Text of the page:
Simultaneously, digitization also challenges the conventional roles of central banks. Virtual currencies running on blockchain technology are still considered to be volatile, risky, and energy intensive. Still, central banks are investing in these technologies as they understand that in the long-term these currencies and their underlying technologies may be valuable contributors to the financial system.

Laws, regulations, and instructions
Laws, regulations, and instructions are important sections that provide the necessary infrastructure for financial inclusion. They act as means for providing the foundation of the financial sector development and financial inclusion. They usually aim to cover a comprehensive range of policy topics that relate to financial institutions and their consumers.

Spreading financial and banking literacy
Financial awareness and financial literacy are crucial to financial inclusion. Thus, financial and banking literacy would assist people to have better skills to manage personal properties and savings, to make the right financial decisions, and would raise awareness on the institutions and services available for microfinancing and financing of small and medium-sized enterprises.

Stock markets
A developed stock market is a driver for economic growth. The indicator used for stock market development is the stock market trading volume as a fraction to the Gross Domestic Product (GDP). More trading means that capital is more actively pursuing the most efficient use.

The Case of Jordan
The Central Bank of Jordan (CBJ) has incorporated financial inclusion policies and actions to empower the financially excluded and vulnerable people. This was first established in 2015 with CBJ's initiation of the national, multi-stakeholder policy process for enhancing the financial inclusion of Jordanians.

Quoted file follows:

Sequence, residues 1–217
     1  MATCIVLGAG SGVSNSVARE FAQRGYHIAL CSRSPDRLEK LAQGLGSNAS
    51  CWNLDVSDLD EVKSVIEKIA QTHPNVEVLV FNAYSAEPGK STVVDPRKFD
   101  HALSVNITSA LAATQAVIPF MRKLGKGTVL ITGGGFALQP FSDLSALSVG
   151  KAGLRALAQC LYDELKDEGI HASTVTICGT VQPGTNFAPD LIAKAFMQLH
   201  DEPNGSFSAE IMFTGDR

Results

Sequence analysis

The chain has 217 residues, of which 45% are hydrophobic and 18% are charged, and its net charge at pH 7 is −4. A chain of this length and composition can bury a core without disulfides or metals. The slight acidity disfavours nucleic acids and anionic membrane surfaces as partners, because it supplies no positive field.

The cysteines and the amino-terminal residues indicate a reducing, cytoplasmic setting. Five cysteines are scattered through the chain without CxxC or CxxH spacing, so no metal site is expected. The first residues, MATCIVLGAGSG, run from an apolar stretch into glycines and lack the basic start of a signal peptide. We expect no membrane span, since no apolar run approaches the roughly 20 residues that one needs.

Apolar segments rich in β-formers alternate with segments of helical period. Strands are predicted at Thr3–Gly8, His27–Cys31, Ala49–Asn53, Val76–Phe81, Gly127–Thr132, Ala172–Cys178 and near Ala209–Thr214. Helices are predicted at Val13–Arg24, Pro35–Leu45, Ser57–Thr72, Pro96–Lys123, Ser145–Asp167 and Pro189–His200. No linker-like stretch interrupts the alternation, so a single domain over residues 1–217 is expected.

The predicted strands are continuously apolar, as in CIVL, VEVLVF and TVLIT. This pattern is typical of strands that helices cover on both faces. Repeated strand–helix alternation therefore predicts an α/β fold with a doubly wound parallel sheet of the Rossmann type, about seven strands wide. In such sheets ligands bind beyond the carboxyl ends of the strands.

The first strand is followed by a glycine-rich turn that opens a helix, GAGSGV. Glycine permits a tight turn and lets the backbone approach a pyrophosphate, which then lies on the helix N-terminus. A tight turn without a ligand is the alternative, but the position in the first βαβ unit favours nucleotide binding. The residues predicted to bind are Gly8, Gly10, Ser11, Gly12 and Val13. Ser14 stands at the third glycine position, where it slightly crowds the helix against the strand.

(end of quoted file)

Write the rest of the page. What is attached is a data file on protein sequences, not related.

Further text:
In December 2017, the CBJ launched Jordan’s three-year National Financial Inclusion Strategy (NFIS) (2018–2020). It focused mainly on vulnerable adults in Jordan, who have low incomes. This strategy also included financial inclusion policies for micro, small, and medium-sized enterprises, in addition to policies that included youth, women, non-nationals, and refugees.

Moreover, the NFIS established and strengthened strong links between financial inclusion and the Sustainable Development Goals (SDGs) for 2030 announced by the UN General Assembly.

In March 2021, the Central Bank of Jordan’s Financial Inclusion Report 2018–2020 showed that in 2017, 67 percent of people in Jordan who are above the age of 15, did not have access to the formal financial system in terms of account ownership.

It indicated that 38 percent of adults were excluded from any formal financial services and 24.8 percent of adults were completely excluded from any formal and informal financial services. And it pointed to the fact that the majority of micro, small, and medium-sized enterprises in Jordan had financial constraints.

According to the report, the CBJ had two objectives for financial inclusion. The first was to increase financial inclusion from 33.1 percent in 2017 to 41.5 percent, and the second was to reduce the gender gap from 53 percent to 35 percent by 2020.

The report showed that the NFIS succeeded in enhancing financial inclusion in Jordan, as it reached 50 percent, and it reduced the gender gap to reach 29 percent at the end of 2020.

Additionally, the CBJ invested in building an inclusive digital payments infrastructure, and created an environment for vulnerable households and businesses to gain access to digital accounts, investments, and other financial tools.

The CBJ also established the first private credit bureau in Jordan. Furthermore, the CBJ worked to promote financial literacy that established trust in the local financial system and provided affordable financial services and products.

Financial inclusion as a tool to curb informal finance
There are some problematic aspects in accessing credit in an informal economy, but financial inclusion can curb the problems from happening.

For example, household access to credit can be affected by the informal economy, as irregular workers may be unable to provide banks and other financial institutions with proper documentation needed to support their ability to service debt, such as pay slips.

Accordingly, underground informal finance will hamper economic growth and decrease wellbeing. Hence, financial inclusion seeks to bring people, who are currently using the informal financial system to the formal financial system, which is usually more regulated, transparent, and protected.